Biological Interpretation of Relative Risk
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There is widespread interest in assessing the clinical importance of a study result. This goal is impeded, however, by a lack of clarity about the biological interpretability of epidemiological effect measures, such as the relative risk. A relative risk is often interpreted merely as a measure of some vague statistical association, without a view toward a biological effect as an object of measurement. Not infrequently, if it is not statistically significant, the relative risk estimate is ignored completely.
A key to biological interpretation is appreciating the theoretical framework stipulating that outcome rates derived from 2 comparison groups actually represent measures of different effects in the same population. For instance, by using a placebo group to estimate the number of background cases that occurred in the treatment group, an estimate of the number of excess cases that occurred as a result of treatment can be made. This kind of biological entity can be derived from a relative risk, and can be more easily evaluated as to its clinical importance than a statistical association or a statement about statistical significance. Interpretation then becomes a more directed task, with a focus on the validity of certain ancillary hypotheses upon which biological interpretability rests.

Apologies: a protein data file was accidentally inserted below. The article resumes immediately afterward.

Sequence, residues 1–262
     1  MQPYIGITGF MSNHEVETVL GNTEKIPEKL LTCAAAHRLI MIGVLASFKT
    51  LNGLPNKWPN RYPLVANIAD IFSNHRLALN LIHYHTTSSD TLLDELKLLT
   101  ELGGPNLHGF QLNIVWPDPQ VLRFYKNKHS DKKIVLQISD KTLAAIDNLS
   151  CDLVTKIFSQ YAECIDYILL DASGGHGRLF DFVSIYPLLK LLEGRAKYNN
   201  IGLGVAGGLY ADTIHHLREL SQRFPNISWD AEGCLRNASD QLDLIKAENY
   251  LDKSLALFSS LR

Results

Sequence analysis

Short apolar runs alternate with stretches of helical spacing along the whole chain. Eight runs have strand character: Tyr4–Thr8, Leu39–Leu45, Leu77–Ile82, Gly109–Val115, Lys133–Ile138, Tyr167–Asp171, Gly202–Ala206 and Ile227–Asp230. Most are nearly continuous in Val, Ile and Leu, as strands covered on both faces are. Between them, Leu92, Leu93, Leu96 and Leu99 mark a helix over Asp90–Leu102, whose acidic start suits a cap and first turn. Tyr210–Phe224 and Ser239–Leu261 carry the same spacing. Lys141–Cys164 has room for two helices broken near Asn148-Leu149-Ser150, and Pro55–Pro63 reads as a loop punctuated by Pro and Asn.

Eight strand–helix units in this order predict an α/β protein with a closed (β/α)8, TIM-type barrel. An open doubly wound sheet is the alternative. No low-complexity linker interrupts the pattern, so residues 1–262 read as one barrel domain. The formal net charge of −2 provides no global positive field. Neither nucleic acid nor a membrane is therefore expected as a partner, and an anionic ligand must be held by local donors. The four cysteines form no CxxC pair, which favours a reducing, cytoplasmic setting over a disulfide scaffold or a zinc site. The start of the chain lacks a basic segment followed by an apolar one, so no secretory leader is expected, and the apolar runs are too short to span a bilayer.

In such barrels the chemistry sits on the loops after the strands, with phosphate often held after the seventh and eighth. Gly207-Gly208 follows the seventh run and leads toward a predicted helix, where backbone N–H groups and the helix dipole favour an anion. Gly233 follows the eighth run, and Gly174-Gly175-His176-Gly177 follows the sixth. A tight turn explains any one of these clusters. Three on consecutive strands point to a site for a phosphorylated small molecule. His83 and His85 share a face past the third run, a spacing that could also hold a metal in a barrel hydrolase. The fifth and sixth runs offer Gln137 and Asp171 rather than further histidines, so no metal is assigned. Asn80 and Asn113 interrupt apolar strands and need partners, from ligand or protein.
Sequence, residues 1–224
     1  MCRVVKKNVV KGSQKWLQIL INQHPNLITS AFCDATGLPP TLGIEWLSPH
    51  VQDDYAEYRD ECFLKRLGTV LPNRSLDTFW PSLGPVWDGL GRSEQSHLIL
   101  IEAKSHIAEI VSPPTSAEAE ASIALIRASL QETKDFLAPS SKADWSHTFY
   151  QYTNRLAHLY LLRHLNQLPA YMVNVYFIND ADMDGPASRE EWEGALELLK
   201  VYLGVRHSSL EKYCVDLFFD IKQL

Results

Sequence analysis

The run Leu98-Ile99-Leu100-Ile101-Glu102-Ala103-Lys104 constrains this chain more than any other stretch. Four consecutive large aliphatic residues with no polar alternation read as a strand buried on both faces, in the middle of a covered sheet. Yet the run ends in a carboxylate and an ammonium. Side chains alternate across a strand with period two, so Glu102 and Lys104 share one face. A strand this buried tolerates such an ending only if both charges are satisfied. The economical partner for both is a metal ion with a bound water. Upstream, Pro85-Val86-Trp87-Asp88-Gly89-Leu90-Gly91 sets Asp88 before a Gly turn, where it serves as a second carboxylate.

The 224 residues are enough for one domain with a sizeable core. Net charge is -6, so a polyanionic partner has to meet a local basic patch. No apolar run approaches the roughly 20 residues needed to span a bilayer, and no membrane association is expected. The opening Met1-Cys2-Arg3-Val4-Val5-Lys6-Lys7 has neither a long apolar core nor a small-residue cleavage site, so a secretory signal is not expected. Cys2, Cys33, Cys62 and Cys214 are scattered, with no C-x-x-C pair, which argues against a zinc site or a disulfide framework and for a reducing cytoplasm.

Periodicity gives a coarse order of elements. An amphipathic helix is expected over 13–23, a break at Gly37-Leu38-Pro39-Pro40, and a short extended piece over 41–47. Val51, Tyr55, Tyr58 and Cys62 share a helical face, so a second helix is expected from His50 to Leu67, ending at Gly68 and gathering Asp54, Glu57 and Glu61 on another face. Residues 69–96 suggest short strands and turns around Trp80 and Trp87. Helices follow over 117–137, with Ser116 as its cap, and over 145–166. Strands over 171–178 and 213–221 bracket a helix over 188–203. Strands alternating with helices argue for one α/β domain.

KeywordsRelative Risk Adis International Limited Risk Ratio Causal Effect Risk Difference
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